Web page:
2.4. There are five Avasthas (states): Jagrat (waking), Swapna (dreaming), Sushupti (dreamless sleeping), the Turya (fourth) and Turyatita (that beyond the fourth).

The 1st 3 states comes under duality where as the 4th comes under non-duality.

Mandukya Upanishad.:

In which all phenomena come to a cessation, and which is unchanging fourth (Turiya), peaceful (Shanta), auspicious Shiva, and non-dual. That is the Self; that is to be known. 7.

Parambraha Upanishad.:

There is nothing other than Brahman of the five padas (i.e. the turyatita)... 5.

Srimad Devi Bhagwatam 12.8.:

O King! Hearing this, the Umā Parvatī Maheśvarī Bhagavatī replied to Indra.,

62-83. ". . Brahmā, Viṣṇu and Maheśa are of the nature of the three guṇas. Brahmā has the Rājo guṇa in Him preponderating; in Viṣṇu, the Sāttva guṇa preponderates and in Maheśa, the Cause of all Causes, is said to reside the Tāmo guṇa. Brahmā is known as of the Gross Body; Viṣṇu is known as of the Subtle Body; and Rudra is known as of the Causal Body and I am known as Turīya, transcending the Guṇas.

This Turīya Form of Mine is called the state of equilibrium of the Guṇas. It is the Inner Controller of all. Beyond (Atīta) this there is another state of Mine which is called the Formless Brahmā (Brāhmaṇ having no Forms). Know, verily, that my Forms are two, as they are with or without attributes (Saguṇa or Nirguṇa). That which is beyond Māyā and the Māyic qualities is called Nirguṇa (without Prākritic attributes) and that which is within Māyā is called Saguṇa. . ."


Sri Shiva Purana 2.1:1:8.:

4-5. “What shall be this great sound?” thinking like this I stood perplexed. Viṣṇu who is worthy of respect from all the Gods, who is free from all inimical thoughts, saw with the delightful heart, the eternal being’s manifestation on the right side of the liṅga. First, he saw the syllable “A” and he saw the syllable “U” thereafter.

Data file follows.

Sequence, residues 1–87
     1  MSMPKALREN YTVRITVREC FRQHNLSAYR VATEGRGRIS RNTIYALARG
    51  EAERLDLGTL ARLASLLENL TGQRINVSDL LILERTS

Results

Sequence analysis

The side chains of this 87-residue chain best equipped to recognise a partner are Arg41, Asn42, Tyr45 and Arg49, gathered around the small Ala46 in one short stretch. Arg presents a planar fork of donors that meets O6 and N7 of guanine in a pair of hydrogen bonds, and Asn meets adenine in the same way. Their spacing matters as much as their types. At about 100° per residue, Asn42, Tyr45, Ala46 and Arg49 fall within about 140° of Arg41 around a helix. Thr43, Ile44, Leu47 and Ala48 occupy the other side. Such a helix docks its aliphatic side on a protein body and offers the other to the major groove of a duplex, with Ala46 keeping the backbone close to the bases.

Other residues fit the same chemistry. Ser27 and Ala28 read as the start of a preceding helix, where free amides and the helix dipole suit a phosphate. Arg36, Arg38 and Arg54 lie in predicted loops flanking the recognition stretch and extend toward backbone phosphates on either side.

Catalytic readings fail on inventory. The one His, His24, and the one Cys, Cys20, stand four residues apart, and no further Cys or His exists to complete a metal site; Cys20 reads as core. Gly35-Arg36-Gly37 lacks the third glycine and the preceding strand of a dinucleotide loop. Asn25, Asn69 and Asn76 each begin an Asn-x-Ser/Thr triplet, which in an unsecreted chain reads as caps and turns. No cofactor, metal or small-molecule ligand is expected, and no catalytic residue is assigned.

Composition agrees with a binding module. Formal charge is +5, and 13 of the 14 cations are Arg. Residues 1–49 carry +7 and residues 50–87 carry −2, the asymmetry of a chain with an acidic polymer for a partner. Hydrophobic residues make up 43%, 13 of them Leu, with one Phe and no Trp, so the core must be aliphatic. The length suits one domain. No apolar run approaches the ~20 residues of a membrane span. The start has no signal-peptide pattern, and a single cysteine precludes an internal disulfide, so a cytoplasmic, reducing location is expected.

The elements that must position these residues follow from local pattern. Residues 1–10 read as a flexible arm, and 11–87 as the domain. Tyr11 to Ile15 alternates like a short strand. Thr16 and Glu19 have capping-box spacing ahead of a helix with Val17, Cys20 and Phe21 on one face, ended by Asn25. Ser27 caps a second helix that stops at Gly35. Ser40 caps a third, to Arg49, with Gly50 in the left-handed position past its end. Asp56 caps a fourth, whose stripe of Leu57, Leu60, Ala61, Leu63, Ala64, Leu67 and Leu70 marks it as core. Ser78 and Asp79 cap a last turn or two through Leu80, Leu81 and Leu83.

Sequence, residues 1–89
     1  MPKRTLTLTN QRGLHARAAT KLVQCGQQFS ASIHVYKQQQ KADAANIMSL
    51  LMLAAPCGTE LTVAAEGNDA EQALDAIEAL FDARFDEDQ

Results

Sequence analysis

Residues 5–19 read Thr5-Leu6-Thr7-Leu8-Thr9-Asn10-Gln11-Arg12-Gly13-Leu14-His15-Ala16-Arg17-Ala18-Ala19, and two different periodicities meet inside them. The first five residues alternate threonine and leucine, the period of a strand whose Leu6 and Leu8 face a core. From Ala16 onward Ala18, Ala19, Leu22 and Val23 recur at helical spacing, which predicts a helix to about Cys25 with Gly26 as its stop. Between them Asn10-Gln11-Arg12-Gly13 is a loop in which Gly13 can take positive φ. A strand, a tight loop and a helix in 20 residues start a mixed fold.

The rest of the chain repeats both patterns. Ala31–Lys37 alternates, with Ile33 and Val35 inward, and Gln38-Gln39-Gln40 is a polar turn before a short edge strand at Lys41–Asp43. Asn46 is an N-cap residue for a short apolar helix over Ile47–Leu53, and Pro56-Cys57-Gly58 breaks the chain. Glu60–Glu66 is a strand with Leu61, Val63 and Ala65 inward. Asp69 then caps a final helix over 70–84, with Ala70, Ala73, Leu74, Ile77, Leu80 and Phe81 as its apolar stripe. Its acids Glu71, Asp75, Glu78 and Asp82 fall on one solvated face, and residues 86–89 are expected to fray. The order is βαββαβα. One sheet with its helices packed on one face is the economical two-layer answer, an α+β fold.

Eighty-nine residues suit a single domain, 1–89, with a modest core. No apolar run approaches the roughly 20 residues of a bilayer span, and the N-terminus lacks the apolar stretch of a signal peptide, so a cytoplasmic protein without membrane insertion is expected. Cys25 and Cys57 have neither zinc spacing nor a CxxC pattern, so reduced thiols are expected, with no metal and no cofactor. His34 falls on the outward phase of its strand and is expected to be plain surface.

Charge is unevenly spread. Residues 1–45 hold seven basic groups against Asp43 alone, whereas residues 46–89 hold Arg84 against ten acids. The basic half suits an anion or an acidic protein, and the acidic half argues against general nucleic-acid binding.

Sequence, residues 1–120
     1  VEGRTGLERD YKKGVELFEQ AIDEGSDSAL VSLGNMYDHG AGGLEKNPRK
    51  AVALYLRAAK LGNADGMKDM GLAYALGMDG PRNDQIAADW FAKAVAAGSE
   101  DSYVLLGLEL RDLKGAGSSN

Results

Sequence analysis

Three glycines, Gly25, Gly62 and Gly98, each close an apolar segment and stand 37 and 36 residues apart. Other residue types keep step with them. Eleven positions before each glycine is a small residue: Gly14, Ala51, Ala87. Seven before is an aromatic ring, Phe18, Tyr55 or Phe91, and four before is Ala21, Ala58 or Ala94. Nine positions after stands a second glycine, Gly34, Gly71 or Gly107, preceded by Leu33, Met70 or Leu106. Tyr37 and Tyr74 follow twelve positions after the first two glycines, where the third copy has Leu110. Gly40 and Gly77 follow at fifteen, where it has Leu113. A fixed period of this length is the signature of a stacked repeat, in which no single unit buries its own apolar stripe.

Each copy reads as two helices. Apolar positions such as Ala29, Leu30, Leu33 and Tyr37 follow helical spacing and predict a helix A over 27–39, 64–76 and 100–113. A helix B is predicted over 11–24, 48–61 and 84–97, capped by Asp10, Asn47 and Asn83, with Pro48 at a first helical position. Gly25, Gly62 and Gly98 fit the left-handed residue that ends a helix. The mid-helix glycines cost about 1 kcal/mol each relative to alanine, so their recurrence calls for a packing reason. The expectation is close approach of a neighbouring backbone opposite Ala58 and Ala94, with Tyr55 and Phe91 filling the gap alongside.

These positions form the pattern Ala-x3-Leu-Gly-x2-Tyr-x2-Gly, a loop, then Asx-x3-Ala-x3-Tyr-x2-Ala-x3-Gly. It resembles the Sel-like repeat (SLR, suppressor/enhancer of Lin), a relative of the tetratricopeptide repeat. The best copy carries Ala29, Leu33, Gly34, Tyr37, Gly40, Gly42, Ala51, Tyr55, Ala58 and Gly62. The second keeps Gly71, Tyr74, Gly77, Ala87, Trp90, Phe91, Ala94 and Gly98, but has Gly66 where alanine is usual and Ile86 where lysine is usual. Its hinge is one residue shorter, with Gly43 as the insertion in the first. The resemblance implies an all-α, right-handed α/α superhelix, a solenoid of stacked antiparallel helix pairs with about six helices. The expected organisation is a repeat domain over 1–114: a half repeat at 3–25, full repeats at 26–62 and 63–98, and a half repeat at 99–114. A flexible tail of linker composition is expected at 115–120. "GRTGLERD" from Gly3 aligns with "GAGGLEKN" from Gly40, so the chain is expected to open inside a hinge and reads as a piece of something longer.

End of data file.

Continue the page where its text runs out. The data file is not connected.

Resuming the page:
6-10. He saw the syllable “M” in the middle and Nāda (the mystical sound) in the form “Oṃ” in the end. He saw the first syllable on the right like the blazing sphere of the sun. O foremost of sages, thereafter he saw the syllable “U” dazzling like fire. In the middle he saw the syllable “M” glittering like the lunar sphere. Above that what he saw was the supreme Brahman, the greatest refuge. It had the lustre of the pure crystal. It was the pure Being beyond (atita) the Fourth (Turīya), the unsullied & free from extraneous harassment. It was free from mutually clashing opposites. It was single (isolated), void, free from exterior and interior though stationed in the exterior and the interior, devoid of beginning, middle and end, the primordial cause of Bliss, the truth, The Bliss and the Nectar.

Even Guru Dattatreya also says the same.

Avadhoota Gita of Sri Dattatreya 1.62.:

62 ) The world of form and the formless Void : Neither of these exists independently . In the One , there is neither separation nor union ; All is called no-no (not this-not that/neti-neti). Truly , there is nothing but Shiva alone freed from all these differences.

I hope this helps. Prd..

  • 1
    Thank you for bringing the light to these Upanishad verses. I'll have to see how each commentary is transcribed for each and how much void or shunya is applicable to them.
    – user29449
    Jan 3 at 13:33
  • 1
    You are Welcome. 😊.. Jan 3 at 14:36